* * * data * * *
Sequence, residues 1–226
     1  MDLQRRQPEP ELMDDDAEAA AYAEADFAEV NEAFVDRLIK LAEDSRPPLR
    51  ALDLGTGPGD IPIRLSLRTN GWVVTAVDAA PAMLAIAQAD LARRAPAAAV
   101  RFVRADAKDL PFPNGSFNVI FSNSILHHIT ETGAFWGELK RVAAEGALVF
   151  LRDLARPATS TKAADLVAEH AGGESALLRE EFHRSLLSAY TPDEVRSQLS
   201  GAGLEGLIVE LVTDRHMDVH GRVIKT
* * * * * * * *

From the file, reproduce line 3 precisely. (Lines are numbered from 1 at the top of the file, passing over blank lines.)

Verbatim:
    51  ALDLGTGPGD IPIRLSLRTN GWVVTAVDAA PAMLAIAQAD LARRAPAAAV